It’s an amazing fight, ending with our guy defeating Nathaniel. But Sunny never wanted to kill him, and he still doesn’t. When he’s denied his honorable death (or assisted suicide, depending on how you look at it), Nathaniel goes to kill Sunny, enraged. But just as he’s about to strike Sunny, Bajie comes through with some boomerang blade action, slicing off Nathaniel’s hand.
Finally defeated, Nathaniel lets Sunny and Bajie go, still warning to Sunny about how his family will die because of him. Sunny can only look at this crumpled mess of a person and, while seeing some of himself reflected back, he defiantly says he’s not going to rest until he gets his family back. In a way, that’s also him saying he’s going to do whatever it takes not to let himself become Nathaniel.
Meanwhile, MK has been the same over-curious boy, getting his nose into things he has no business getting into. His god-like bunkmate, Tate (Jordan Bolger) tried to escape, and now the monks have to “cleanse” him, which means he has to endure a very painful process to get his special abilities taken away from him. I’m not sure how Tate is going to be afterwards, since he defined himself and his worth by his gift (remember, his clan worshipped him). Anyways, MK now believes the Master is lying to all of them and is scared of them. One could make the comparison of the Master’s deceit to the Ancient One’s deceit in Doctor Strange. However, the Master also has the same powers, so I don’t know why MK thinks the Master is afraid of them. Also, the Master has been trying to teach MK how to control his powers; the only reason she stopped the lessons is because he’d kill himself inside his own mind. Just because MK’s not strong enough yet doesn’t mean that the Master’s lying to him. Now, I would like to see the Master give an explanation for this “cleansing” stuff, though, since some stuff is starting to look suspect. But I don’t think the Master is being deceitful, unlike the Ancient One, who was totally deceitful in a major way.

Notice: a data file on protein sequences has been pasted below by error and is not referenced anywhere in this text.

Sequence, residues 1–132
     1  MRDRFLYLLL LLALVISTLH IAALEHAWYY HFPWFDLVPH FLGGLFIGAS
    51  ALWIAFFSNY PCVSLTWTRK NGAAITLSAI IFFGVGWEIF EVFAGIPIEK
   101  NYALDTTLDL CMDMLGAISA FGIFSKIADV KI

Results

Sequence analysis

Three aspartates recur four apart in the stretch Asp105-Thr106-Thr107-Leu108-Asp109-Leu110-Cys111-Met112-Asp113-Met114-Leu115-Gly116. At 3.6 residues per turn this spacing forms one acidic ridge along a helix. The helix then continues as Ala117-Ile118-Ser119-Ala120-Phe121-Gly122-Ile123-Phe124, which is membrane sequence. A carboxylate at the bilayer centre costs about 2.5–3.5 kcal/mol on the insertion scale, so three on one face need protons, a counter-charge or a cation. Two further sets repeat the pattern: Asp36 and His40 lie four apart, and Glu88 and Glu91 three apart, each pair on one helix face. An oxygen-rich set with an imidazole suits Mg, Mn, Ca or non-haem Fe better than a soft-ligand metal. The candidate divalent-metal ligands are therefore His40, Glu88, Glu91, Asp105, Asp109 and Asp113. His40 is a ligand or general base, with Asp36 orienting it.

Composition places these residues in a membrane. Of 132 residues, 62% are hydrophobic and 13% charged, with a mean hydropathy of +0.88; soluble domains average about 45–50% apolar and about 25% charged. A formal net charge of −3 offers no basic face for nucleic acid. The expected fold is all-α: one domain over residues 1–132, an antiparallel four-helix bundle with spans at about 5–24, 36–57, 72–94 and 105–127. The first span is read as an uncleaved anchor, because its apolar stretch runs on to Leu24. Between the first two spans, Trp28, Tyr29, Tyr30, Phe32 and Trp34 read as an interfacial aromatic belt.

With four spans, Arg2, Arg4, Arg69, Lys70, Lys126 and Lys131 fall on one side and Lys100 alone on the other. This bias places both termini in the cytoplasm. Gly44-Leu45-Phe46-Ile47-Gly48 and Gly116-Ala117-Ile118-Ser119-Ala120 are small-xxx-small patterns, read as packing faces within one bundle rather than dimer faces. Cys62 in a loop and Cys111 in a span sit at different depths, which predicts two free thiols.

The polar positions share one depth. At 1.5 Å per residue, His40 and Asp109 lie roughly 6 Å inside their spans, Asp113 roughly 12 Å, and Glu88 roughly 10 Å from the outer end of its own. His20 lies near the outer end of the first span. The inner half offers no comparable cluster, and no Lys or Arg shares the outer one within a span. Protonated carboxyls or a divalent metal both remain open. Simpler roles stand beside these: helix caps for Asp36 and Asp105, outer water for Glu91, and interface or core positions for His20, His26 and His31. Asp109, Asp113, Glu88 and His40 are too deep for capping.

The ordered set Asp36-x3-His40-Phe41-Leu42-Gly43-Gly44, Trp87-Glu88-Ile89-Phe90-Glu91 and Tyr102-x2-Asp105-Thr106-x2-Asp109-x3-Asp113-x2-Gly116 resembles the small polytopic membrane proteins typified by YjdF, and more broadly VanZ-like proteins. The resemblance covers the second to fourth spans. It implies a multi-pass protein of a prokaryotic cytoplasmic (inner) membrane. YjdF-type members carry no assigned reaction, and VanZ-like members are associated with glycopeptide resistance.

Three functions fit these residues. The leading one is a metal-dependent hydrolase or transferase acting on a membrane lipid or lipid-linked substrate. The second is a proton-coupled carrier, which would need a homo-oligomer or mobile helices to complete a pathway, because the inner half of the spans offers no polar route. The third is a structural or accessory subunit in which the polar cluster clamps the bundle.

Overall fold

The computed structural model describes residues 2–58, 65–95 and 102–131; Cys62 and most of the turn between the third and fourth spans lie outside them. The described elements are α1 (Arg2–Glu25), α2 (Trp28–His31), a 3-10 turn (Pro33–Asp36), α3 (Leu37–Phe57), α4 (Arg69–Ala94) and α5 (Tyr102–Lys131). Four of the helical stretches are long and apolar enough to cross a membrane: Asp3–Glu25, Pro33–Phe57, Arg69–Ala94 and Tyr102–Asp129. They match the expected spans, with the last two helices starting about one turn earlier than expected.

Back in the Badlands, Veil is still taking care of Quinn, much to our confusion, until we see that she’s been lying to him the whole time. While she keeps showing him a healthy X-ray, his tumor is actually getting bigger every passing day. She’s just waiting for him to die. That’s a good plan, but it’d be an even better plan if she burned those doggone X-rays, because I don’t want her to lose Quinn’s trust, seeing how that’s the only thing keeping both her and Henry alive right now. Keeping those things in an unlocked drawer isn’t good enough, even if it is in a specialized X-ray development room.
Quinn’s still being Quinn, but he’s also…changing? I’m not saying he’s the bee’s knees all of a sudden, but if he were the same Quinn we knew from the past season, he would have killed that guy who tried to escape. However, as a parallel to the monks who used violent means to control their underlings, Quinn actually gives this dude another chance. Of course, it wasn’t without some violence, since Quinn challenged the dude to cut him to prove his mettle. But the guy is still alive to tell the tale, and that’s more than we can say for the guy last week, who got stabbed through the eye for eyeing Veil.
Finally, The Widow is preparing for her showdown with the other Barons. Talking and being charming isn’t her strongest suit; she’s much more experienced in convincing people through her actions. But she has decided to take Waldo, not Tilda, as her second, despite Tilda being Regent. Perhaps it’s because Waldo is adept in talking politics; he helped Sunny in much the same way while still with Quinn, but his political mind can be put to much better use with The Widow, who does heed his counsel in a different way than Sunny did. (In some ways, Sunny’s a bit of a meathead, whereas The Widow uses her cunning and wit in, well, a more womanly–read: highly intelligent–fashion.)
The show ends right when we’re about to see this conference of sorts convene at Ryder and Jade’s residence. It’s supposed to be all talk, but we all know there’s not going to be much talking once someone gets offended.
• Is Jade a gold-digger or not? Ryder was her first love, and it’s not like she could turn down Quinn and think she could live afterwards. But something about her still seems…slimy? I don’t know. Maybe it’s because of how easily she was able to disgrace Lydia. But, again, she also had to do what she needed to to survive. So…IDK. Old-school Kanye once again comes in handy to explain situations, because I’m not saying Jade’s a gold-digger, but she ain’t messing with no broke….baron.
• Speaking of the upcoming barons, the next episode is going to be the one in which we meet Baroness Chau (Eleanor Matsuura) and Baron Hassan (Alan Wai). This is the second Asian female character we’ll have on the show, with Chipo Chung’s Master being the first (as well as the first black female warrior we’ve seen).